Biden Takes Heat For Killing Trump’s Opioid-Treatment Prescription Plan Praised By Doctors

President Joe Biden last week killed a plan from the Trump administration to allow more physicians to prescribe an opioid-treatment drug.

The move from the Trump administration was widely praised by both physicians and lawmakers, and came on the heels of another spike in opioid-related deaths during the pandemic. Criticizing the Biden administration on the reversal, Trump’s Assistant Secretary for Health Dr. Brett Giroir warned the move “will cost thousands of lives.”

In a message obtained by The Washington Post last week, the Biden administration said Trump’s forthcoming Practice Guidelines for the Administration of Buprenorphine for Treating Opioid Use Disorder issued on Jan. 14 was announced “prematurely.” “Therefore,” team Biden said, “the Guidelines previously announced cannot be issued at this time.”

According to anonymous sources within the Biden team, Trump’s plan “was plagued by legal and operational problems, including a failure to get necessary clearance from the White House budget office,” the Post reported.

“The Biden-Harris administration absolutely supports broader access to medication-based treatment for opioid use disorder, and is working to find ways to lift burdensome restrictions on medications for opioid use disorder treatment,” said a spokesperson from Biden’s drug policy office.

Trump’s plan “would have exempted many physicians from the ‘X’ waiver — a two-decade-old requirement, first mandated by Congress, to undergo a day’s training before they could prescribe buprenorphine for opioid use disorder,” the Post explained. “The Trump administration sought to go around Congress’s requirements by issuing new ‘clinical guidelines’ that would have enabled doctors with a Drug Enforcement Administration narcotics prescribing license to avoid the training.”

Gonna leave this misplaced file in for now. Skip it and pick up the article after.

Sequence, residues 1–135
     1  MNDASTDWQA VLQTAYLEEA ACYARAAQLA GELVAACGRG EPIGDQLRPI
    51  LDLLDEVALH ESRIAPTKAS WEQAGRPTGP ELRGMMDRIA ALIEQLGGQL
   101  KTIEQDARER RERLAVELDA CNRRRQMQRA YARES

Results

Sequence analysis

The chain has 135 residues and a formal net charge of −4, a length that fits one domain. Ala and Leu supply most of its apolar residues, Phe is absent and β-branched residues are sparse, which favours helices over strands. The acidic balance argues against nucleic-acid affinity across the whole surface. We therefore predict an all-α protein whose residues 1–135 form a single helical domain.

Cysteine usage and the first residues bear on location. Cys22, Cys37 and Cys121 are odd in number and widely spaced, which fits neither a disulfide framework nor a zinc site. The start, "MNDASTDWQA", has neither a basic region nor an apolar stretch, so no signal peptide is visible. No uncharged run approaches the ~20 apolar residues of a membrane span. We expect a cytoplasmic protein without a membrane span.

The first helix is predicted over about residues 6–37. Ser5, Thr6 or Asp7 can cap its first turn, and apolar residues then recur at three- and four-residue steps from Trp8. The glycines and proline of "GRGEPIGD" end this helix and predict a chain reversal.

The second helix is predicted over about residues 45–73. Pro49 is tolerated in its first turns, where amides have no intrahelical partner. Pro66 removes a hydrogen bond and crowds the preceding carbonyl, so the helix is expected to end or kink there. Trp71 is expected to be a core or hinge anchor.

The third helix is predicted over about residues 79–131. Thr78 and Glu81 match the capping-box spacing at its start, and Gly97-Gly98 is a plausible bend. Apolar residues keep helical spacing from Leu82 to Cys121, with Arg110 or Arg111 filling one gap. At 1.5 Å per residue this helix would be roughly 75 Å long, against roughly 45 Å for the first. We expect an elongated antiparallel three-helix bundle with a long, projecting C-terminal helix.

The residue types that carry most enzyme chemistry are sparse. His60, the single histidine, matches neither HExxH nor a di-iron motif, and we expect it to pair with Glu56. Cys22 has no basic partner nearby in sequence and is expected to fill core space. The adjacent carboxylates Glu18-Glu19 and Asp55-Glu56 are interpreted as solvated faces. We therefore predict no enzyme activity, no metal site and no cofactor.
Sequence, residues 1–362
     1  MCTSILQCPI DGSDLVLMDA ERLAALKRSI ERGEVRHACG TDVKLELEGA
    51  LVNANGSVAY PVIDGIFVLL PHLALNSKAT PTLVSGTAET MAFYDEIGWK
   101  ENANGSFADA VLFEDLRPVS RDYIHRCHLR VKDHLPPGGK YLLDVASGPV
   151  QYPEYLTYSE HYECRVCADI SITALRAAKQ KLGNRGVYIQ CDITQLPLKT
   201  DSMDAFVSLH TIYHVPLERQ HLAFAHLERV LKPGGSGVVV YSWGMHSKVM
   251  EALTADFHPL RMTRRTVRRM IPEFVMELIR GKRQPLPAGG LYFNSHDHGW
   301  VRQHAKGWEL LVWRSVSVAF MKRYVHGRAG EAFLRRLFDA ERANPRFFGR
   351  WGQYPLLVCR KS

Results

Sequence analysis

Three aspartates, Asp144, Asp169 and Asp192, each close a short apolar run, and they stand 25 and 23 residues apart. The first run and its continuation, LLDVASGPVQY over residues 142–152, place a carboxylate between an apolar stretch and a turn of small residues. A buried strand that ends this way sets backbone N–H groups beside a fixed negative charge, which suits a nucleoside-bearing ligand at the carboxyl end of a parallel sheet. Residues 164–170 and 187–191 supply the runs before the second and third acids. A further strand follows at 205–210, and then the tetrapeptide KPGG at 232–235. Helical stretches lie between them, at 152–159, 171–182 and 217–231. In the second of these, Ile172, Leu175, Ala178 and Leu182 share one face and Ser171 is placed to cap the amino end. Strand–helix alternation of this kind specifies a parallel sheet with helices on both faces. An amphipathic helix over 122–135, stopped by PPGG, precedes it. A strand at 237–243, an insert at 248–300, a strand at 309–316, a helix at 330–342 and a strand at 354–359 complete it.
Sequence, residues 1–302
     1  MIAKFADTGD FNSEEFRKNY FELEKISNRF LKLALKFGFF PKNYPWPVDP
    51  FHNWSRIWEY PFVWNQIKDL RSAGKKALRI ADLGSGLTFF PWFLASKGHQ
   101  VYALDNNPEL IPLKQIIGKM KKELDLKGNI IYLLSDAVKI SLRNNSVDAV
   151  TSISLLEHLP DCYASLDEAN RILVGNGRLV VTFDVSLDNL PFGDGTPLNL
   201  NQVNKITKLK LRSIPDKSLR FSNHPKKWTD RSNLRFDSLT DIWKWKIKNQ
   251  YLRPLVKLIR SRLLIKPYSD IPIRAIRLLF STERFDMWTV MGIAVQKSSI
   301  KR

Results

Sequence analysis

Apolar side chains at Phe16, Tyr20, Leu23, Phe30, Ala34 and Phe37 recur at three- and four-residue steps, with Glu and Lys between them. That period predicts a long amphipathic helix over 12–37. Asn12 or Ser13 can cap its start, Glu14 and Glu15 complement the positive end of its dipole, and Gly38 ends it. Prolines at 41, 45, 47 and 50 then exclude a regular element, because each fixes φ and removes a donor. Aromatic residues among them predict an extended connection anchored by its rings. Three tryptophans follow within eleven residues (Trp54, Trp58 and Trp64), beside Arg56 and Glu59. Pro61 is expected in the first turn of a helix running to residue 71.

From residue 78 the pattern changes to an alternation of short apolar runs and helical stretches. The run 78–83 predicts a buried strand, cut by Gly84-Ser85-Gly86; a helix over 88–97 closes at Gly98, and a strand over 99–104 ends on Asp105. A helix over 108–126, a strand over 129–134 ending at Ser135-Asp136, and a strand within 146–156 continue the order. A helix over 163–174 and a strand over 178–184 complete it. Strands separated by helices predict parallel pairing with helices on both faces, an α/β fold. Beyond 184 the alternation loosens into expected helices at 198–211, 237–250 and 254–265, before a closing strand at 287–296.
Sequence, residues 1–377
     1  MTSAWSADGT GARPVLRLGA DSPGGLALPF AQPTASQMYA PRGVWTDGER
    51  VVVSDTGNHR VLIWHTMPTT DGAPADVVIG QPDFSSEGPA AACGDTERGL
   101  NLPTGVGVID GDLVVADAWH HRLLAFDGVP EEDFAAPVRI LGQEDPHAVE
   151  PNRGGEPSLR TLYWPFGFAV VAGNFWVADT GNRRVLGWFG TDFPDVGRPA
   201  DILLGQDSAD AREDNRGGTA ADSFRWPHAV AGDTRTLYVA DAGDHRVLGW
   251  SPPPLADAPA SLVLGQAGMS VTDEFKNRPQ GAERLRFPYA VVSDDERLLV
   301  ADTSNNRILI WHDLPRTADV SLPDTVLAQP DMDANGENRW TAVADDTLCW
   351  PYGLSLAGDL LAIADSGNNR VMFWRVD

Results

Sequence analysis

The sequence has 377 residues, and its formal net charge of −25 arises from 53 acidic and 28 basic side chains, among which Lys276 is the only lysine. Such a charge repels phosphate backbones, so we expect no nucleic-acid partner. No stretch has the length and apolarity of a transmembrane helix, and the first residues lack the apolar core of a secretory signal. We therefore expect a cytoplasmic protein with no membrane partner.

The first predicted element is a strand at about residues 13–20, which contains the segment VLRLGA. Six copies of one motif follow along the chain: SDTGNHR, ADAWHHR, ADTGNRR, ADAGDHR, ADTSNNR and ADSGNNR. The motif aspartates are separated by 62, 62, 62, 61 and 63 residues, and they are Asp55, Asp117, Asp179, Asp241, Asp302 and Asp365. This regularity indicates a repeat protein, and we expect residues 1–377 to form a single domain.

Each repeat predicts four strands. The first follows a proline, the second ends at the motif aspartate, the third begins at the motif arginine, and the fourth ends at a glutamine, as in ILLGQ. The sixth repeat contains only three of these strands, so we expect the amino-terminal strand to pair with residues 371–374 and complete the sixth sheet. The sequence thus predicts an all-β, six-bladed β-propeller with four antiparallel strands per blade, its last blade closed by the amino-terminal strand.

The Post underscored that Trump’s plan “was widely hailed by physicians,” noting that with the head of the American College for Emergency Physicians Mark Rosenberg deemed the accomplishment “a great day for our patients.’”

“The X-waiver was an outdated and cumbersome barrier to treatment, and it exacerbated stigma for those struggling with opioid use disorder,” said a statement from Rosenberg.

“The Biden administration has been criticized by physicians and lawmakers since reports that the new president would halt Trump’s plan — particularly because as a candidate, Biden had criticized the prescribing rules and vowed to lift them if elected,” noted the Post.

Giroir on Thursday took to Twitter to blast the Biden reversal, warning it “will cost thousands of lives.”

“This [POTUS] decision […] means a tragic day for all suffering with #opioid use disorder, and will cost thousands of lives. The [HHS] practice guidelines stemmed from 2 years of evidence examination, science, legal review, and stakeholder engagement,” Giroir wrote.

“With US #overdose deaths >83,000/yr and increasing 18% per year, expanding access to medications was supported by @theNAMedicine, @NIH, @FDA commissioner @AmerMedicalAssn @ACEPNow @ONDCP45 @JeromeAdamsMD and numerous other groups. @POTUS: time to put science before politics,” he said. 

Giroir added, “If guideline reversed,~1 million doctors can continue to prescribe potentially addictive oxycodone, hydrocodone, codeine, morphine, fentanyl, etc.; but only 66,000 will be able to prescribe the safe and effective treatment for #opioid use disorder, #buprenorphine. #XtheXwaiver.”

In a Jan. 14 release on the Trump plan, the administration underscored the issues with opioids, particularly during the pandemic: “More than 83,000 drug overdose deaths occurred in the United States in the 12 months ending in June 2020, the highest number of overdose deaths ever recorded in a 12-month period, and an increase of over 21% compared to the previous year, according to recent provisional data from the Centers for Disease Control and Prevention (CDC).”

“The increase in overdose deaths highlights the need for treatment services to be more accessible for people most at risk of overdose and today’s action will expand access to and availability of treatment for opioid use disorder,” the HHS continued.

“The medical evidence is clear: access to medication-assisted treatment, including buprenorphine that can be prescribed in office-based settings, is the gold standard for treating individuals suffering from opioid use disorder,” Giroir said at the time. “Removing some of the certification requirements for an  X-waiver for physicians is a step toward providing more people struggling with this chronic disease access to medication assisted treatment.”

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